Mid-Columbia Medical Center

From Wikipedia, the free encyclopedia
Jump to: navigation, search
Mid-Columbia Medical Center
Geography
Location The Dalles, Oregon, United States
Coordinates 45°35′15″N 121°09′51″W / 45.5875°N 121.16429°W / 45.5875; -121.16429Coordinates: 45°35′15″N 121°09′51″W / 45.5875°N 121.16429°W / 45.5875; -121.16429
Organization
Hospital type General, acute care
History
Founded 1901
Links
Website www.mcmc.net
Lists Hospitals in Oregon

Mid-Columbia Medical Center (MCMC) is a hospital complex in The Dalles, Oregon. In June 1992, Mid-Columbia Medical Center became the first hospital in the world to implement the Planetree concept of patient-centered care facility wide[verification needed] and in 2007 the hospital was recognised as a "Designated Patient-Centered Hospital", one of five such hospitals in the country.[1] The Mid-Columbia Medical Center Heliport is located one mile northwest of The Dalles in Wasco County, Oregon.

History[edit]

The original hospital in The Dalles was started in 1901 by pioneer doctors, Dr. Belle Cooper Rinehart and Dr. Mary Powell Johnson in the Rinehart family home. Dr. Belle was the widow of a physician and mother of four young boys when she had her mother move in to care for her children and she began studying medicine. She graduated from medical school in 1897 and set up her practice near the location of The Dalles Clinic building on East 7th Street. Belle Cooper Rinehart Ferguson gave high praise to her mother, "…whose encouragement, intelligence and ability imparted strength and determination." Two of Belle's sons became physicians.

In 1903, Dr. Belle Cooper Rinehart married Dr. Elmer Ferguson. They expanded their home and enlarged the hospital, which came to be known as The Dalles Hospital. Dr. John Reuter became their partner in their practice and hospital. Other hospital expansions occurred in 1912 and 1937. They had an approximate 20-bed capacity. When World War II caused a shortage of nurses, The Dalles General Hospital opened a nursing school. Doctors served as nursing instructors until the school closed in 1951.

Donations from local citizens, businesses, physicians and hospital staff helped pay for a new hospital in 1959 on 19th Street. The new hospital was described as one of the most modern hospitals in the country with its electric beds, electric doctor registry (light board), the still to purify tap water in the central supply, and the latest in mercury vapor illumination in the parking lot. The hospital building included the kitchen, laundry, maintenance and supplies on the 1st floor, administration, emergency, pharmacy, lab, x-ray, and maternity on 2nd floor, medical patients on 4th and surgical patients on 3rd floor. The mental hold locked room was located on 4A where the Sleep Center Monitoring/Scoring Room is located.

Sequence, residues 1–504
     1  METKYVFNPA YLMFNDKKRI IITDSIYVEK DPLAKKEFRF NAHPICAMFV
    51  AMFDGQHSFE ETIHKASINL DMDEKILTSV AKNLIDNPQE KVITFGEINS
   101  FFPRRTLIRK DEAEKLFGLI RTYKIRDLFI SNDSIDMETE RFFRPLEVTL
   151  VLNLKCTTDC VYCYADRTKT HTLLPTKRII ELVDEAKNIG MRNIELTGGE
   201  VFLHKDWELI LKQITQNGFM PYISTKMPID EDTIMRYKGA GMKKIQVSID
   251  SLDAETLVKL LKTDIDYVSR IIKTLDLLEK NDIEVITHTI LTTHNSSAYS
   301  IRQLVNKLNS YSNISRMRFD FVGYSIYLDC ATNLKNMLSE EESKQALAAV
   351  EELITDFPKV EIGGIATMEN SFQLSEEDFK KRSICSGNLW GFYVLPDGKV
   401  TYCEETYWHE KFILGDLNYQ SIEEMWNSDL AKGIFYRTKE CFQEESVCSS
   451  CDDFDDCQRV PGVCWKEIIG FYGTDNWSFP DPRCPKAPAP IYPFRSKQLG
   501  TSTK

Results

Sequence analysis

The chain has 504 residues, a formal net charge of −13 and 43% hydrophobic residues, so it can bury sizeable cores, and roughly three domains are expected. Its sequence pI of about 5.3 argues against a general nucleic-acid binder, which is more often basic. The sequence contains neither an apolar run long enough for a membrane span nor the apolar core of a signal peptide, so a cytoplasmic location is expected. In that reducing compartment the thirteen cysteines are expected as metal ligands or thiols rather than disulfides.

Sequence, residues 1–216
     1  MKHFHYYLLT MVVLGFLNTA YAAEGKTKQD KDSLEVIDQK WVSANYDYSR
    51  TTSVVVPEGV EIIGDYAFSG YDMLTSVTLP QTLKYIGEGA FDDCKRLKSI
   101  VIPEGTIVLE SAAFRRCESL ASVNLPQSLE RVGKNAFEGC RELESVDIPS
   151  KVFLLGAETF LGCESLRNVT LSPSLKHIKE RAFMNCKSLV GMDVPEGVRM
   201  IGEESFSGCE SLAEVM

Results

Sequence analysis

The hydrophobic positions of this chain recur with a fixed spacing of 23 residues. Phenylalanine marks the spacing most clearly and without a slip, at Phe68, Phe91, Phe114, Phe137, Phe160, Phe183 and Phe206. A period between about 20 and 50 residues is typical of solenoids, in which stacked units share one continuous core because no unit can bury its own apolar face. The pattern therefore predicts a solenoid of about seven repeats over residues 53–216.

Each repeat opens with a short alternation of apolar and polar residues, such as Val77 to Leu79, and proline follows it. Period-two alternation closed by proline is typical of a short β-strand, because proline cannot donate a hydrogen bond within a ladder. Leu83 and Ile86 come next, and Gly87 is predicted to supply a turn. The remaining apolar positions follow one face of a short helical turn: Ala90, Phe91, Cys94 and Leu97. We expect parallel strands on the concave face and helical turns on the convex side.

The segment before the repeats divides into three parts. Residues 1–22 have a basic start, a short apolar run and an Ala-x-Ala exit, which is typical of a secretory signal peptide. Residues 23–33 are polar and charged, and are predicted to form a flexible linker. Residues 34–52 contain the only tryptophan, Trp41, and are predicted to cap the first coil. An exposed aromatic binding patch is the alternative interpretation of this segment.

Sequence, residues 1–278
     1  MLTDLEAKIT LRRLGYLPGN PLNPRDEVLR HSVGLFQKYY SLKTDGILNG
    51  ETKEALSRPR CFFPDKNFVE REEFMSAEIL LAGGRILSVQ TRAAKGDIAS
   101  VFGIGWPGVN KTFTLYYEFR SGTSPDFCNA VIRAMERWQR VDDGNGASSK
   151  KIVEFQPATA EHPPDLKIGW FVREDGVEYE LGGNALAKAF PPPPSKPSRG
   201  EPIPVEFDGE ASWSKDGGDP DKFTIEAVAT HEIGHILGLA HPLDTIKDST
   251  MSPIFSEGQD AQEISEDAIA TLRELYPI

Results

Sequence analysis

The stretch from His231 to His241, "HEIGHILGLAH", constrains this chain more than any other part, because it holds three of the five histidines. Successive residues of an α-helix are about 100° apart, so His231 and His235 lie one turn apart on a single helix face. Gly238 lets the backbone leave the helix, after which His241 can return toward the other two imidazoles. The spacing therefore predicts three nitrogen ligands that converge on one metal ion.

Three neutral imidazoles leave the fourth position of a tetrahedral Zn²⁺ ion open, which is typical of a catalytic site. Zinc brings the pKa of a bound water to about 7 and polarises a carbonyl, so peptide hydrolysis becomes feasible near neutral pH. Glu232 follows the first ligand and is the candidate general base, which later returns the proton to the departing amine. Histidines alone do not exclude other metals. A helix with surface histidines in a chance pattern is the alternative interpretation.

In 1979, twenty years after opening, the hospital expands by 20,000 square feet (1,900 m2) to accommodate more patients with more beds and other improvements. The hospital began offering on-site child care and child development services in 1982. In 1983, Ancillary service departments are remodeled and the hospital changes its name to Mid-Columbia Medical Center (MCMC) to more accurately reflect its emergence as a regional resource for comprehensive healthcare. The organization restructures into an independent parent corporation and several corporate entities, which include the hospital, home health and other programs. Also in 1983, the Mid-Columbia Health Foundation is established.

MCMC agrees to become the first hospital to adopt the Planetree model of patient-centered care facility-wide in 1989. The transformation involved a near-complete architectural makeover, a massive training program involving the entire hospital staff and many other significant changes designed to “personalize, humanize and demystify” the hospital experience for patients. In 1990, Dr. Bill Hamilton and Dr. Hal Sessions performed the first laparoscopic gall bladder surgeries in the Columbia River Gorge at MCMC. Patients took home a VHS tape of their surgery. In 1992, MCMC’s remodel is complete, transforming the traditional hospital into a comfortable “center of healing” and ushering in the Planetree era.

The hospital was sued by 12 women after sexual abuse by Dr. Fredrick Field was revealed in May 2011.[2][3] MCMC settled most of the cases and lost a $2.4 million judgment over the abuse.[2][3]

References[edit]

  1. ^ Lorraine Steefel (2008-06-16). "Strong Roots: Oregon Hospital a Pioneer in Patient-centered Planetree Concept". Nurse Week. Retrieved 2008-06-19. 
  2. ^ a b "The Dalles hospital settles suit with women who were molested by anesthesiologist". The Oregonian. The Associated Press. October 2, 2014. Retrieved 3 October 2014. 
  3. ^ a b Burke, Joe Rojas (January 4, 2012). "Sexual abuse by doctor in The Dalles reported to Mid-Columbia Medical Center 3 years ago, documents indicate". The Oregonian. Retrieved 3 October 2014. 

External links[edit]